Obrázky stránek
PDF
ePub

ས པ ས པ ས ས 1:|:ཀྱི ན པ ཀྱི 1:|:ཀྱིས་གནམ་ཆོག 1:|: ཁོང

No. 4,

[blocks in formation]

bear a blacker Aspect, than Infidelity in Friendship, or Monday Villany in Business. For this great and good End, all March 5, Breaches against that noble Passion, the Cement of

1711.

Society, shall be severely examined. But this, and all other Matters loosely hinted at now, and in my former Papers, shall have their proper Place in my following Discourses: The present Writing is only to admonish the World, that they shall not find me an idle but a very busie Spectator,

No. 5,
[ADDISON,]

Tuesday, March 6,

R

Spectatum admissi risum teneatis ?-Hor, N Opera may be allowed to be extravagantly lavish in its Decorations, as its only Design is to gratifie the Senses, and keep up an indolent Attention in the Audience, Common Sense however requires, that there should be nothing in the Scenes and Machines which may appear Childish and Absurd. How would the Wits of King Charles's Time have laughed, to have seen Nicolini exposed to a Tempest in Robes of Ermin, and sailing in an open Boat upon a Sea of Paste-Board? What a Field of Raillery would they have been let into, had they been entertain'd with painted Dragons spitting Wild-fire, enchanted Chariots drawn by Flanders Mares, and real Cascades in artificial Land-skips? little Skill in Criticism would inform us, that Shadows and Realities ought not to be mix'd together in the_same Piece; and that Scenes, which are designed as the Repre sentations of Nature, should be filled with Resemblances, and not with the Things themselves. If one would represent a wide Champian Country filled with Herds and Flocks, it would be ridiculous to draw the Country only upon the Scenes, and to crowd several Parts of the Stage with Sheep and Oxen. This is joining together Inconsistencies, and making the Decoration partly Real and partly Imaginary, I would recommend what I have here said, to the Directors, as well as to the Admirers, of our Modern Opera.

A

As I was walking in the Streets about a Fortnight ago

1

I saw an ordinary Fellow carrying a Cage full of little No. 5. Birds upon his Shoulder; and, as I was wondering with Tuesday, my self what Use he would put them to, he was met March 6, very 1711. luckily by an Acquaintance, who had the same Curiosity, Upon his asking him what he had upon his Shoulder, he told him, that he had been buying Sparrows for the Opera. Sparrows for the Opera, says his Friend, licking his lips, what, are they to be roasted? No, no, says the other, they are to enter towards the end of the first Act, and to fly about the Stage,

This strange Dialogue awakened my Curiosity so far, that I immediately bought the Opera, by which means I perceived that the Sparrows were to act the part of Singing Birds in a delightful Grove: though upon a nearer Enquiry I found the Sparrows put the same Trick upon the Audience, that Sir Martin Mar-all practised upon his Mistress; for, though they flew in Sight, the Musick proceeded from a Consort of Flagellets and Bird calls which was planted behind the Scenes. At the same time I made this Discovery, I found by the Discourse of the Actors, that there were great Designs on foot for the Improvement of the Opera; that it had been proposed to break down a part of the Wall, and to surprize the Audience with a Party of an hundred Horse, and that there was actually a Project of bringing the New River into the House, to be employed in Jetteaus and Water works. This Project, as I have since heard, is post-poned 'till the Summer-Season; when it is thought the Coolness that proceeds from Fountains and Cascades will be more acceptable and refreshing to People of Quality. In the mean time, to find out a more agreeable Entertainment for the Winter-Season, the Opera of Rinaldo is filled with Thunder and Lightning, Illuminations and Fire works; which the Audience may look upon without catching Cold, and indeed without much Danger of being burnt; for there are several Engines filled with Water, and ready to play at a Minute's warning, in case any such Accident should happen. However, as I have a very great Friendship for the Owner of this Theater, I hope that he has been wise enough to insure his House before he would let this Opera be acted in it.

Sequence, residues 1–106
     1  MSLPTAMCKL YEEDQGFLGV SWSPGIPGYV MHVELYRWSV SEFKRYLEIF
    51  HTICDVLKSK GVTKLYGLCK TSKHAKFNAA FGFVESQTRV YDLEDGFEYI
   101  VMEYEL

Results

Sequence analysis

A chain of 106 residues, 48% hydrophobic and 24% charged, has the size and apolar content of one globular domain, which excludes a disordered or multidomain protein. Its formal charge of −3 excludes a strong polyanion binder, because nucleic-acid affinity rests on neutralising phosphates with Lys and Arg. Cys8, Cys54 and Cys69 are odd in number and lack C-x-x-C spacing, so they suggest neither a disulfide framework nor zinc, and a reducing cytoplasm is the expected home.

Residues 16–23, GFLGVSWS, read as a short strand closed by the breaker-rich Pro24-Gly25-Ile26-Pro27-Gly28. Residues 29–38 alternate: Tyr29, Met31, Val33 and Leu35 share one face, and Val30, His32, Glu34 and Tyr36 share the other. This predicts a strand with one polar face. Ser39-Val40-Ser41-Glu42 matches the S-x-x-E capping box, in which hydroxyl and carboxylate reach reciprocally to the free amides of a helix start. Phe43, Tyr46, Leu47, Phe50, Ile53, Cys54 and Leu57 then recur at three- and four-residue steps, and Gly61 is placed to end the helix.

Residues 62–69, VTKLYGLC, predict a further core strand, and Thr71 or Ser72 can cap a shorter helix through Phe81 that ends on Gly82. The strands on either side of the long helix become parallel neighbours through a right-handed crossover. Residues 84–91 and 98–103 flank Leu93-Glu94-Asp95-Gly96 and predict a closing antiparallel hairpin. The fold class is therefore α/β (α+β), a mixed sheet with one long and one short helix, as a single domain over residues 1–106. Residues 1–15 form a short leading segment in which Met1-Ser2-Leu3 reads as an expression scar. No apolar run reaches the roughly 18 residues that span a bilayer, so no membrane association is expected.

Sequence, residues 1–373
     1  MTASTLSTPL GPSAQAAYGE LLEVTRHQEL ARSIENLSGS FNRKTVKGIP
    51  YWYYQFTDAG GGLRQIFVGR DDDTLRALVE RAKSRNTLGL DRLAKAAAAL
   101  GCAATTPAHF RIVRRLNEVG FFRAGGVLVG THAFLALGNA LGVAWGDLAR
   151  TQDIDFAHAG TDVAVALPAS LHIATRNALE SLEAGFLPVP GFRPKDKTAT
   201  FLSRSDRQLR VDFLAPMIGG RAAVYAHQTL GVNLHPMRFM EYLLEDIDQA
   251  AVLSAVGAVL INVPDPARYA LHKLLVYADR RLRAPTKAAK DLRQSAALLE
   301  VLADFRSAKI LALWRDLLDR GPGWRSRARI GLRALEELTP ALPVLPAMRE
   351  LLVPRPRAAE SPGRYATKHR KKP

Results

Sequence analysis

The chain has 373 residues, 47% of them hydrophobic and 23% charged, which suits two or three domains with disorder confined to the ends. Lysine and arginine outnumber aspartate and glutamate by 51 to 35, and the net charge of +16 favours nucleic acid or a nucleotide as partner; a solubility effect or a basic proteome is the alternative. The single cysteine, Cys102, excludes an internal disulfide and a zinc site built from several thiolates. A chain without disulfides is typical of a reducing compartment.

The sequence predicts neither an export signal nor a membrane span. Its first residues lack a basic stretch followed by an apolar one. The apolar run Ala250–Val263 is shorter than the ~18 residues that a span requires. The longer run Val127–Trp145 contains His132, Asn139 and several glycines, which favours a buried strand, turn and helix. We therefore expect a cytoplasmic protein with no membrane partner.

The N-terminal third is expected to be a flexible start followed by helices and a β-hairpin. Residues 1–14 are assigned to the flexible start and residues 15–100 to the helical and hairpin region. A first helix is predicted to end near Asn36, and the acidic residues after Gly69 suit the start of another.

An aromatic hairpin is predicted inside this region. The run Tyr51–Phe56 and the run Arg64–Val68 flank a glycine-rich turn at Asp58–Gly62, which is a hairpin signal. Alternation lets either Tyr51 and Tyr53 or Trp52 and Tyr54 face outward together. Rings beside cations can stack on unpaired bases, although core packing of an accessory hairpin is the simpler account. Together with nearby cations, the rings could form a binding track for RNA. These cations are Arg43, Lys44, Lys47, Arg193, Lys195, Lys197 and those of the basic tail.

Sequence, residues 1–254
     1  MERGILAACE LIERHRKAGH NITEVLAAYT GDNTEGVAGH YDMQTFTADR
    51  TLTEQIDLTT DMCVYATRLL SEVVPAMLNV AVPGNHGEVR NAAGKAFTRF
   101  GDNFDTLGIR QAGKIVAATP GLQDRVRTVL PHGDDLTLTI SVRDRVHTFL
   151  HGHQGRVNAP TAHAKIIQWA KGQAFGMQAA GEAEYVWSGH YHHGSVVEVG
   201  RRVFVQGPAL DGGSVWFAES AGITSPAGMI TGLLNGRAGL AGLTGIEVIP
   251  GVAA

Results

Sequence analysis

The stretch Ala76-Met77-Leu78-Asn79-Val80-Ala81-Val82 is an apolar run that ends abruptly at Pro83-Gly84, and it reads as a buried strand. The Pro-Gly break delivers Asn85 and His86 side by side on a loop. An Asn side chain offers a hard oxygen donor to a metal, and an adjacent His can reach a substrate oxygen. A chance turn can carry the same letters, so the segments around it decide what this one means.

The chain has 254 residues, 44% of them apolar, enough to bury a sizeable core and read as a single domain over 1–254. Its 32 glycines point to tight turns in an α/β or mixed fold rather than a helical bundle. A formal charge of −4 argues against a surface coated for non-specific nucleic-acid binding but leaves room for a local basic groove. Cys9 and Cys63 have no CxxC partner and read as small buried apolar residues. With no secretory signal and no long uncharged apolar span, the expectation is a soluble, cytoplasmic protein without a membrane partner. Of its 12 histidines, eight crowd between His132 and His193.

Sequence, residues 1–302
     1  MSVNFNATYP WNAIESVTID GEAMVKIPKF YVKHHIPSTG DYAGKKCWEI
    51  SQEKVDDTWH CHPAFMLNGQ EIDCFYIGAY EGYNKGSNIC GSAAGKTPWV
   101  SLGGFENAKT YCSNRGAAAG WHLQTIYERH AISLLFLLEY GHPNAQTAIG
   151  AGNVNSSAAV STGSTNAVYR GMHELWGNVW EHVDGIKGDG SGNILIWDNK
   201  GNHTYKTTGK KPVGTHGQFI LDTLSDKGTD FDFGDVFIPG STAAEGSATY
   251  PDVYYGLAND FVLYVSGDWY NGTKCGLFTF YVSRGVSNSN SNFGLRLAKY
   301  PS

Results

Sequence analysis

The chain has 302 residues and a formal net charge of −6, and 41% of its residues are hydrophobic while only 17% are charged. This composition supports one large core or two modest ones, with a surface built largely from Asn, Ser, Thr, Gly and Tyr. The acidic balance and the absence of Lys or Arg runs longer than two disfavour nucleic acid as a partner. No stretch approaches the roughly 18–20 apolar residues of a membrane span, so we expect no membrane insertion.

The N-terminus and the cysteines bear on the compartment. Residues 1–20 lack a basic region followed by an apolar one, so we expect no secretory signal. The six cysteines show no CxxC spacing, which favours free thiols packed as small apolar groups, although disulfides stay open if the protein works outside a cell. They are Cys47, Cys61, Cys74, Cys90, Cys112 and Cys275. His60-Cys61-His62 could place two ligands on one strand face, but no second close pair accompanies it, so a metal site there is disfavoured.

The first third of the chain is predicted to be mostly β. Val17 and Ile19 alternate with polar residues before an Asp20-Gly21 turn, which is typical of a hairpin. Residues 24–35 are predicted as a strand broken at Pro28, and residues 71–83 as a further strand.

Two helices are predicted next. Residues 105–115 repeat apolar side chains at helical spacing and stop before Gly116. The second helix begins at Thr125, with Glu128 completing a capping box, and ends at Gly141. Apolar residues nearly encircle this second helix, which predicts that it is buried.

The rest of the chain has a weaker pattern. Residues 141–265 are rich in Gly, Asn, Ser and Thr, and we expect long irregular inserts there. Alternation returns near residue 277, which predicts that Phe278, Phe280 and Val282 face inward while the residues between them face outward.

No. 5,

It is no wonder, that those Scenes should be very Tuesday, surprizing, which were contrived by two Poets of different March 6, Nations, and raised by two Magicians of different Sexes.

1711.

Armida (as we are told in the Argument) was an Amazonian Enchantress, and poor Signior Cassaní (as we learn from the Persons represented) a ChristianConjurer (Mago Christiano), I must confess I am very much puzzled to find how an Amazon should be versed in the Black Art, or how a good Christian, for such is the Part of the Magician, should deal with the Devil.